David Heinemeier Hansson â€“ Twitter's descent into the extractive:
â€œI wonder how long this one will last?â€, asked the Web to his friend Email. â€œWho knowsâ€, said Email, â€œFacebook is still aroundâ€. â€œAyeâ€, nodded the Web, â€œWinter might be longer this time around, but inevitably Spring will returnâ€.
There’s been another recent uproar due to Twitter enforcing their no more than 100k token policy on newer 3rd party Twitter clients. Two of the most recents clients targetted were Tweetro for Windows 8 and Tweet Lanes for Android. Matthew Panzarino has another great piece on this issue, reacting to Marco Arment’s earlier post:
As far as other developers that are using Twitterâ€™s API to provide either a whole service or a component service inside their app, I think that itâ€™s still too murky to say whether they need to bail. Arment thinks they should, based on the way that Twitter is changing the rules about clients, but, although I understand where heâ€™s coming from, I feel that itâ€™s too early to call this one.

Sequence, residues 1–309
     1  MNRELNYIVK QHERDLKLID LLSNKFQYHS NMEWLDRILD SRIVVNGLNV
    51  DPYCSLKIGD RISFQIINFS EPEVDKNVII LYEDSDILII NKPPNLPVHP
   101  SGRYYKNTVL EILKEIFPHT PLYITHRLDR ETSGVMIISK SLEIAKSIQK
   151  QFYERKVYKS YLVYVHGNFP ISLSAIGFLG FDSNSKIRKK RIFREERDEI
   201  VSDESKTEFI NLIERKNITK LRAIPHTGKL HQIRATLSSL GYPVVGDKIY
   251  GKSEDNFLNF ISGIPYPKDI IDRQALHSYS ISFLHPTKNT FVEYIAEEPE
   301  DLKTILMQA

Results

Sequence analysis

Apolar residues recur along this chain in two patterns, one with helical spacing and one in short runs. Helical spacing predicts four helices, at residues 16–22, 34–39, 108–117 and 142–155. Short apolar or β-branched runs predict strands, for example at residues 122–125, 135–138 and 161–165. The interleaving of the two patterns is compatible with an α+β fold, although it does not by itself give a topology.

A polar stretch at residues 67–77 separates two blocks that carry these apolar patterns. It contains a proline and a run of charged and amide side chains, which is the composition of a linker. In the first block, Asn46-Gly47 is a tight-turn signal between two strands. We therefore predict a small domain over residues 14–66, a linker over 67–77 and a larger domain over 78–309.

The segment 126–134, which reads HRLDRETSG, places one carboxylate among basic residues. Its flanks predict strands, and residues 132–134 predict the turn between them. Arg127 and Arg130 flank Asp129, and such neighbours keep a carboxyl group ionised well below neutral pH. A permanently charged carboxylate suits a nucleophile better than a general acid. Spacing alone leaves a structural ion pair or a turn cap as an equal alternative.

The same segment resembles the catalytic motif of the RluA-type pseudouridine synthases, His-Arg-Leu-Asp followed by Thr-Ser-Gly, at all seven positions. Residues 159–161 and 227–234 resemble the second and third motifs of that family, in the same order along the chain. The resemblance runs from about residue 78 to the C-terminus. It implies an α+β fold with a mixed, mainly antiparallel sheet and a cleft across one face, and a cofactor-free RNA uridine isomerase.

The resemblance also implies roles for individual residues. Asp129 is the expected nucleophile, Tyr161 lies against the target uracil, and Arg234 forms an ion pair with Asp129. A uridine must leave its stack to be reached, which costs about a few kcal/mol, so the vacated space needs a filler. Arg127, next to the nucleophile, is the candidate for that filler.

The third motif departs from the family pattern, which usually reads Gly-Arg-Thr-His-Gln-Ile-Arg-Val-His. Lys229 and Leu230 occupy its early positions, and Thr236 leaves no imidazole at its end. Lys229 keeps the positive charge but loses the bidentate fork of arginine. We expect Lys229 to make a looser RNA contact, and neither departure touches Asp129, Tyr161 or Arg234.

As of this moment, any developer working with Twitterâ€™s API, whether itâ€™s a client or another type of app that is currently in favor, canâ€™t be entirely certain about their livelihood. Right now these apps may be on a path that runs parallel to Twitterâ€™s business plan, but what happens when that path zags?
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